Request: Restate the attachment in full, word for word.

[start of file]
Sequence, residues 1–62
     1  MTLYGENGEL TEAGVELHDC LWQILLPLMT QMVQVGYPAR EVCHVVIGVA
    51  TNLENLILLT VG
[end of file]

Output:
Sequence, residues 1–62
     1  MTLYGENGEL TEAGVELHDC LWQILLPLMT QMVQVGYPAR EVCHVVIGVA
    51  TNLENLILLT VG